One sign of growth as a salesperson is knowing that silence can be your friend. The most common “deafening silence” you may face as a mobile dealer is an awkward silence just after you give a customer your price — especially on a big ticket item. It can be easy to take a slow response as a...
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One sign of growth as a salesperson is knowing that silence can be your friend.
The most common “deafening silence” you may face as a mobile dealer is an awkward silence just after you give a customer your price — especially on a big ticket item. It can be easy to take a slow response as a price objection. But a slow response might not mean anything more than your customer is thinking about buying from you.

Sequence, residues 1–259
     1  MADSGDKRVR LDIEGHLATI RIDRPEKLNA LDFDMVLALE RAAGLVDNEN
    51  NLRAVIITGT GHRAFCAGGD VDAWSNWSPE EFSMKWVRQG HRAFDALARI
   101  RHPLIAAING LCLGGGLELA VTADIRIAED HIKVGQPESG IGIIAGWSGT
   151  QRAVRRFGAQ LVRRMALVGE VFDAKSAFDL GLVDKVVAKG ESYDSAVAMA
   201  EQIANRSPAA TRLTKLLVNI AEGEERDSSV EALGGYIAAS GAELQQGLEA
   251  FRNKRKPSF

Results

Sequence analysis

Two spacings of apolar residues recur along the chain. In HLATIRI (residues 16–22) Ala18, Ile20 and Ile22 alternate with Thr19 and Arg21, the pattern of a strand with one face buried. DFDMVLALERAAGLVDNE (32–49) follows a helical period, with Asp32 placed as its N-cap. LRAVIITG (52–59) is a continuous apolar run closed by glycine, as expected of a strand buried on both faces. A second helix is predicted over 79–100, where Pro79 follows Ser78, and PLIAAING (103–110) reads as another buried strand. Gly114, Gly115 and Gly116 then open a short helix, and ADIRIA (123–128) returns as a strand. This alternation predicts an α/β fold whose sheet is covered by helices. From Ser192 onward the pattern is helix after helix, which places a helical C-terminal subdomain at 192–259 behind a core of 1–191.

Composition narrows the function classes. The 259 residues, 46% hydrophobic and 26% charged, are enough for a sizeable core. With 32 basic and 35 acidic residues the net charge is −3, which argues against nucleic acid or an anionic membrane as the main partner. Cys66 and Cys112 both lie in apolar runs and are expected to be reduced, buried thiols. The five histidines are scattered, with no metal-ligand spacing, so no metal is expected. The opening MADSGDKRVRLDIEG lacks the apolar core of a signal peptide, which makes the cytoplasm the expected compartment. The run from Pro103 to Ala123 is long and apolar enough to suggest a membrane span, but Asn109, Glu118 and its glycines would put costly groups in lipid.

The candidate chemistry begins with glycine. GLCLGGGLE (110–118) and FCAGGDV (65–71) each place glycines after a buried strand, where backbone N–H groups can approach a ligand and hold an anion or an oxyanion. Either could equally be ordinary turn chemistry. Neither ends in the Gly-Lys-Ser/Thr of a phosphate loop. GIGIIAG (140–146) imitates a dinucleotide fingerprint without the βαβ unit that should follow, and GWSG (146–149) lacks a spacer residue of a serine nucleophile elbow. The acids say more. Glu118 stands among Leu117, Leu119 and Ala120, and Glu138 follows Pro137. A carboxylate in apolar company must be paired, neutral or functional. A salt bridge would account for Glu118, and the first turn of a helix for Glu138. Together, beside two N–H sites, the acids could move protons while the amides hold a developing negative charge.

Try to avoid the temptation to answer objections that were never voiced. If the customer doesn’t say anything, you don’t need to say anything either.
Some customers will knowingly use silence as a weapon against you. They realize people are uncomfortable with long pauses and use it as a bargaining tactic.
I’ve read negotiating books where the author suggests waiting a full minute after a salesman gives you a price. The goal is to get the salesperson to cave under the pressure of silence. Don’t let it happen to you.
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